Which remains one of the worst things I have ever read in my life.
Despite a multiverse teeming with thousands of an interesting characters with decades-worth of reader-resonance, the plot is instead based on five add-ink-and-stir "Living Plot Points" (a term I learned here from an Asorbascommenter): the Monitor, the Anti-Monitor, Harbinger, Pariah, and Alexander Luthor (plus, for no apparent reason other than someone's sexual fixation on Suzanne Powter, Lady Quark). Why did an editor not stop this insanity?
"Oh, but the beautiful moment of X was so touching I still cry when I think about it!", someone reading this now is about to type. For those who haven't COIE, I'll review those beautiful moments for you...
Supergirl's heroic sacrifice teaches Batgirl what it means to be a hero, inspiring a Steely Resolve to follow in her footsteps.
Flash's heroic sacrifice teaches Kid Flash what it means to be a hero, inspiring a Steely Resolve to follow in his footsteps.
Supergirl's heroic sacrifice teaches Dr. Light what it means to be a hero, inspiring a Steely Resolve to follow in her footsteps.
Wildcat's heroic sacrifice teaches Yolanda Montez what it means to be a hero, inspiring her to stagger around drunk in a Catwoman costume on rooftops, saying everything once in choppy Spanish, then again in English, as if she's on ?Que Pasa, USA?. "Yo soy el *hic* neuvo Wildcat!"; tee-hee, of course you are, dear!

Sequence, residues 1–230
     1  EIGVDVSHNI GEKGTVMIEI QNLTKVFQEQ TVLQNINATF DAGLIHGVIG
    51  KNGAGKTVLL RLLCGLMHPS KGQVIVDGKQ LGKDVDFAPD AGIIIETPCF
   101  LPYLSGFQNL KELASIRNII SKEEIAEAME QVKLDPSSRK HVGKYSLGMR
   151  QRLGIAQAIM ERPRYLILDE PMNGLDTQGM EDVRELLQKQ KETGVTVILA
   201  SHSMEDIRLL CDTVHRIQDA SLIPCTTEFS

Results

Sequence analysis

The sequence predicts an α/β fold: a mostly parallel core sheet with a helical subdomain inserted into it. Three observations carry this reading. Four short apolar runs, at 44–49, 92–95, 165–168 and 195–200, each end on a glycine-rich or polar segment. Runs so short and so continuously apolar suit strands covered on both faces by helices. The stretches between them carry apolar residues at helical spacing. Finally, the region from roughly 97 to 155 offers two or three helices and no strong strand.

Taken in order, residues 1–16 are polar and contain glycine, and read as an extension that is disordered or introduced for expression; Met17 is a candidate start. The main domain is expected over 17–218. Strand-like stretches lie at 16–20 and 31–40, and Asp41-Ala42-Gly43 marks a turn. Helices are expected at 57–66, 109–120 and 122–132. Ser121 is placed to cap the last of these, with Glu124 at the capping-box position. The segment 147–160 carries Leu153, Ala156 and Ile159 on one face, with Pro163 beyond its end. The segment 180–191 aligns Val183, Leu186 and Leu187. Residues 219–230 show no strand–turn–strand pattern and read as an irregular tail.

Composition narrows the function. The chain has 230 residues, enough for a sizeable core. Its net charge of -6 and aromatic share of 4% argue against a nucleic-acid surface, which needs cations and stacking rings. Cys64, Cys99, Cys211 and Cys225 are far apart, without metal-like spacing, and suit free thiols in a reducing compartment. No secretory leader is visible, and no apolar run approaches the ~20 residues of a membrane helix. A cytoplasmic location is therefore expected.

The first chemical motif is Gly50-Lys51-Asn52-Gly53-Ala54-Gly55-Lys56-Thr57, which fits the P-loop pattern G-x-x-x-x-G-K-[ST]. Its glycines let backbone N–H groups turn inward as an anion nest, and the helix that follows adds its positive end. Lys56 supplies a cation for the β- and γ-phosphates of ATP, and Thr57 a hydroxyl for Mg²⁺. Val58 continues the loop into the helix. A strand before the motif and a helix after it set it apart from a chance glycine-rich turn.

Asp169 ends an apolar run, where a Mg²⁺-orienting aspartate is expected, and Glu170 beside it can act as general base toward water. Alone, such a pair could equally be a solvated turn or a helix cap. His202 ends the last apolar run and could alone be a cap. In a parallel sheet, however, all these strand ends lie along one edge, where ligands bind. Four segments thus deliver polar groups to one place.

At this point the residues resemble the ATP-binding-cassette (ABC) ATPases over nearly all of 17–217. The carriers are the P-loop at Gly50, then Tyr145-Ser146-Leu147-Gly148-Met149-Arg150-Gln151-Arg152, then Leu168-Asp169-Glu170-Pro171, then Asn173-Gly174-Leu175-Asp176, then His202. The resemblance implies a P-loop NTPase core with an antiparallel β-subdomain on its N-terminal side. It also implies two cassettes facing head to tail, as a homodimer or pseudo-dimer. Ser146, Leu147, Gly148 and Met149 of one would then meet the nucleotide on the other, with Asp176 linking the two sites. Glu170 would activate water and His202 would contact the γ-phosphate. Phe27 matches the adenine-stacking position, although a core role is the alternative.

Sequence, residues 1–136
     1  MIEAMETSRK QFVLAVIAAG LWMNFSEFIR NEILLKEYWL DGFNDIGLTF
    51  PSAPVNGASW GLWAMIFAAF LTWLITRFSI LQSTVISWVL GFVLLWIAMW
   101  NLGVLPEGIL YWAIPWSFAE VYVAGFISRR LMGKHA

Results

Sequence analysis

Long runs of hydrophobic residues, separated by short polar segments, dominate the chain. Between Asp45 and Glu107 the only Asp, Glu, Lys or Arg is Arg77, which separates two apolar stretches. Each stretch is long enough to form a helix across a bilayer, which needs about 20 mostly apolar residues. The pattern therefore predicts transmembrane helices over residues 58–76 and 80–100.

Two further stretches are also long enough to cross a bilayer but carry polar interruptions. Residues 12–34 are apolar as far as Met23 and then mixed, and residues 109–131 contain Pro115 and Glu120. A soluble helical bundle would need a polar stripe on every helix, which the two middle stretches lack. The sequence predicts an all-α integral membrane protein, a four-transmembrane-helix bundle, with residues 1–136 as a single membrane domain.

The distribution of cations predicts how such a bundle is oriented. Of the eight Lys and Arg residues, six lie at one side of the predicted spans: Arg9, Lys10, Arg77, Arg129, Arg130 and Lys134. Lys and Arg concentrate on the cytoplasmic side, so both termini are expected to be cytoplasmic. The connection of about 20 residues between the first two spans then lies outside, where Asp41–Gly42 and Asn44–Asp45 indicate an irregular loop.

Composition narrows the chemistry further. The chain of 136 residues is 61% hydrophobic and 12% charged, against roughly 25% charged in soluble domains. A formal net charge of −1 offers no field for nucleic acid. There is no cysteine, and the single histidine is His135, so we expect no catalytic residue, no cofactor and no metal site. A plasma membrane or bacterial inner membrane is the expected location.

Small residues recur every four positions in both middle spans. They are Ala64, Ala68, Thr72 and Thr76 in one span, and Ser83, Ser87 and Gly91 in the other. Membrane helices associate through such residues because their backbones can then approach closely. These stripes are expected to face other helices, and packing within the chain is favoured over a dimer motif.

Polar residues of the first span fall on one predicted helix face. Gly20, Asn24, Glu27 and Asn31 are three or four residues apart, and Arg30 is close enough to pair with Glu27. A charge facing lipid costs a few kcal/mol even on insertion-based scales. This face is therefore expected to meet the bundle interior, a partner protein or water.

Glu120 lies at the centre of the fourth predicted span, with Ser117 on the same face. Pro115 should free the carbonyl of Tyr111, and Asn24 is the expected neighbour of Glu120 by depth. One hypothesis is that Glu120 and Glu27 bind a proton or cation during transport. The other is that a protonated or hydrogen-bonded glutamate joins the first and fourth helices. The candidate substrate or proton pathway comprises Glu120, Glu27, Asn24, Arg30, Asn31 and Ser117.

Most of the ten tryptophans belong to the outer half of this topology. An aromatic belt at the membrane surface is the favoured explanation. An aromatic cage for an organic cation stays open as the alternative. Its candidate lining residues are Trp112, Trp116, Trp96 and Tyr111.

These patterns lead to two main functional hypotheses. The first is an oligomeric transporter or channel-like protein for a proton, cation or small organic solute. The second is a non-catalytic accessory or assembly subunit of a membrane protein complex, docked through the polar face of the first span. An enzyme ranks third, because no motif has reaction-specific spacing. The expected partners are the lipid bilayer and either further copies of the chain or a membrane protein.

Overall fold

Oh, there's also 256 examples of "X throws himself into the anti-matter wall" or "Y stops X from throwing himself into the anti-matter wall", both of which are considered nobly brave, except when they are criticized as stupidly futile.
Dialogue (but only because I have no other word for it)
Marv Wolfman, Dean of the Magna Kahn School of Dramatic Monologue, writes dialogue which is alternatingly so mind-numbing and so grating that one can only survive reading it by imagining yourself in a less stressful situation; I manage to read it by picturing myself as a baby seal being clubbed to death by a sadistic Japanese sailor. Wolfman handles DC's thousands of precious character gems by reducing them to exactly four styles of speaking: Herospeak, Doomspeak, Streetspeak, and Smartspeak. I can only assume Wolfman was born in the Baxter Building and raised by the Fantastic Four; there's no other explanation.
For variety within each type of "speak", characters get a choice of Stuttering Wonder, Wavering Self-Doubt, Sententious Speechification, and Steely Resolve. Wolfman should really work for the City of Heroes people, writing programs to generate generic word balloons based on the characters chosen profile; he'd be a natural.
MY Steely Resolve
Now, until I bought the trade yesterday, I had not read COIE for 20 years, since it first came out. Why would I, when there's been a new DCU to focus on? That would be likely filling your Wedding Album with pictures of yourself dancing in your underwear with a lampshade on your head with a 43 year old strung out stripper at your bachelor party.
But now with Infinite Crisis focusing so much attention on COIE, I feel the need to find some fun for myself and you all (but mostly myself) in the horror that was COIE, and that's what I'll be doing in the coming week. Marv, care to help me say that?
"Th-the awfulness! The vast sprawling horror of COIE, it's--it's like nothing I've ever seen!
I'm not sure I can handle it; I don't know whether my snarking powers will work against it; I don't see how I can prevail, it seems hopeless.
Yet, in all my years, if I learned one thing, it's that one person can make a difference -- just so as long as he's with other good people, trying to do the same.
So I must try! Too many have died, too much is riding on this; I must NOT give up hope, I will not, for them-- I == MUST == DO IT!"